Two days ago I dissed Washington Post's Editorial Page Editor, Fred Hiatt, for attacking President Obama for dropping the proposal to change the COLA index for social security to the chained -C-CPI-U measure, that would reduce future benefits by an estimated 0.3% per years. I said he had "lost his cookies." I shall not reiterate the arguments there, but now note that he has doubled down today in a signed column on the matter entitled "Is there Change Obama Can Believe In?" This column does cover other issues, mostly Syria where Hiatt complains that Obama has not supported "free markets and democracy" there, while not remotely addressing how difficult and complicated that issue is. He also lists a boilerplate set of issues that he says Obama is supporting, but dismissively notes that these are popular, with some of them even supported by Republicans.
However, he starts with his complaint about Obama dropping the chained index proposal, which clearly has him really upset (those darned cookies). He quotes Obama from 2009 and also from 2010 stating that (from 2009), "To preserve our long term fiscal health we must address the growing costs of Medicare and Social Security." He does briefly admit that "Defenders would say that...he's done his bit for entitlement reform with cost-bending measures in Obamacare." Hmmm, "bit"? In fact, the change in the medical care cost curve (which also affects Medicaid) has completely transformed the future deficit outlook, drastically reducing those projections. The few percents impact the chained index change would make would be utterly trivial by comparison, but this is not good enough for Hiatt.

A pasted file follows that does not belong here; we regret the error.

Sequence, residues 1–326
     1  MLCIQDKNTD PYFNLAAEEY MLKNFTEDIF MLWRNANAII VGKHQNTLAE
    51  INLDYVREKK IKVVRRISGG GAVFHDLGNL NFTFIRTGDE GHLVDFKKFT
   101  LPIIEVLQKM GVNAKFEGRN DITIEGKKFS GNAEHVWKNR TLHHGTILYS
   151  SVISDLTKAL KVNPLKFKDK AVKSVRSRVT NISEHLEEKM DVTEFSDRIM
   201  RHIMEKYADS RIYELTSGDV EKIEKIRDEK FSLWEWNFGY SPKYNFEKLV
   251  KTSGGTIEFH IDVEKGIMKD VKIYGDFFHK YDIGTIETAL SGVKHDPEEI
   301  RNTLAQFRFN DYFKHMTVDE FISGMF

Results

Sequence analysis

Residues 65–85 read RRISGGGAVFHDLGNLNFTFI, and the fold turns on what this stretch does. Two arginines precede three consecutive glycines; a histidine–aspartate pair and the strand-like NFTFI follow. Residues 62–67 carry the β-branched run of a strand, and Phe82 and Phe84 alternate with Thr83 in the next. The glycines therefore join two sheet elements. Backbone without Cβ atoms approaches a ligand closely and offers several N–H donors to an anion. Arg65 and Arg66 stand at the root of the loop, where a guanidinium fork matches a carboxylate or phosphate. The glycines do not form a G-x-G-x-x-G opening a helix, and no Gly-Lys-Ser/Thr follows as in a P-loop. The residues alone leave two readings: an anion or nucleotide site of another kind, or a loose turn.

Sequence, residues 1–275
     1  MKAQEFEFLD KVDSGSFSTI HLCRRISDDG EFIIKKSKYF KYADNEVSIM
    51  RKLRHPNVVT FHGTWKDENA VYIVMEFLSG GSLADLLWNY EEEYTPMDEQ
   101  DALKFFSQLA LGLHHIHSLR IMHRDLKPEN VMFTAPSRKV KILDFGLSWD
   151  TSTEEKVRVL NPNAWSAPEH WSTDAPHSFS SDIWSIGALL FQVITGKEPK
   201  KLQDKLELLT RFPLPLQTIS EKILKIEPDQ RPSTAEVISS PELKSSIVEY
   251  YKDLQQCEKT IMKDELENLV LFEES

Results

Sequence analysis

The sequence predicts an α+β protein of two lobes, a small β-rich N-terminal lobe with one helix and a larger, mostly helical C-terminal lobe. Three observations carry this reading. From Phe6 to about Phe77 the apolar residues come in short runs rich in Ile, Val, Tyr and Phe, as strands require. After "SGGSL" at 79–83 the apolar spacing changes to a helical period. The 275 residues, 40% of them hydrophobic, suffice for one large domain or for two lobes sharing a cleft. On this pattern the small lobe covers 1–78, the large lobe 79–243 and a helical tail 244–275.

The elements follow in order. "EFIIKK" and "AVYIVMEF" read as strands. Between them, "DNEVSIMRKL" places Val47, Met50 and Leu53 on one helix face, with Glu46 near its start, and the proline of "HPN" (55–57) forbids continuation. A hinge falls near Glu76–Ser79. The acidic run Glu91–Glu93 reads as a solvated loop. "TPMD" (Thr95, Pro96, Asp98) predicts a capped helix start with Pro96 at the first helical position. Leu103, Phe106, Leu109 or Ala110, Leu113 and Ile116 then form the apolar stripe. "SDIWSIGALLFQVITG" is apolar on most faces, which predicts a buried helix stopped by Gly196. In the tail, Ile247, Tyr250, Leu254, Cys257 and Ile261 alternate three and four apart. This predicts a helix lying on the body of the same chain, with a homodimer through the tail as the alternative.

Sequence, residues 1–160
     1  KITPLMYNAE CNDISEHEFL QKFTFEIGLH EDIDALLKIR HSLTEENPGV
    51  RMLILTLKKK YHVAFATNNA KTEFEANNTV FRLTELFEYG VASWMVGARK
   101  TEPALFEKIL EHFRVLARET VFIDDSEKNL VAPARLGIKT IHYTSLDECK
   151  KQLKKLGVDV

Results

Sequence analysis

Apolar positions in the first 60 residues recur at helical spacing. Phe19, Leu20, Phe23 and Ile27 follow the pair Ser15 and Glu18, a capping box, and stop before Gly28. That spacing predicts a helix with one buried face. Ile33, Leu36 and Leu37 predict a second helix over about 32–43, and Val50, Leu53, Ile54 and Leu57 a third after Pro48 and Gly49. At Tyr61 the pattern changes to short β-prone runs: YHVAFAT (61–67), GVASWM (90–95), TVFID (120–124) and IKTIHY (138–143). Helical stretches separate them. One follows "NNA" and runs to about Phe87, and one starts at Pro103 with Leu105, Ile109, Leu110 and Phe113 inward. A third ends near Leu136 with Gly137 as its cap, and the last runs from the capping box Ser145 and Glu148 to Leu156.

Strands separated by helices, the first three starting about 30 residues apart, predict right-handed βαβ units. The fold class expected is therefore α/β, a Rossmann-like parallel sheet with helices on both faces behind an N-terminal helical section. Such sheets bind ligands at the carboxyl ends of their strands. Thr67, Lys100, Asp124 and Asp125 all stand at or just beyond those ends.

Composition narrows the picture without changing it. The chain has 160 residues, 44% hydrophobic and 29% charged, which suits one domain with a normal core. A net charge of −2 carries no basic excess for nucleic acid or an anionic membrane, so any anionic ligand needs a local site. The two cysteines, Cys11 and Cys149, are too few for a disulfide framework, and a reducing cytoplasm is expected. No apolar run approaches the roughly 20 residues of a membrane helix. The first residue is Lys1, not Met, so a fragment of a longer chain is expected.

Two further points. One is that he is all upset that supposedly in 2011 for political reasons "Obama cold-shouldered the fiscal commission he appointed..." That would be the Bowles-Simpson one that Hiatt as a deep-dyed Washington VSP just loved to bits. However, as Dean Baker has repeatedly noted, that commission never issued a formal report. Why? Because some of its GOP members, led by Paul Ryan, refused to sign off on it because it (eeeek!) contained tax increases. There never was a formal report, and what Hiatt is referring to was a statement put out by Bowles and Simpson, but that document never had any official backing from the commission. Getting worked up about Obama's reaction to it is a joke, and, of course, until recently, Obama was offering the essence of the deal, this chained index proposal if only Republicans would accept some tax increases. But, they have said no, so why is Hiatt getting so indignant that Obama has pulled back on his offer?
The other is the idea that somehow Obama got elected to propose this. In fact, during the primary campaign against Hillary, he shifted his position to one of strictly defending Social Security as it stood and stands. Thus, for all Hiatt's whining, Obama has returned to his position during his initial run for president: to preserve and protect Social Security as it is. Hiatt and his fellow VSPs need to drop their silly hysteria over the Social Security issue, the sooner the better.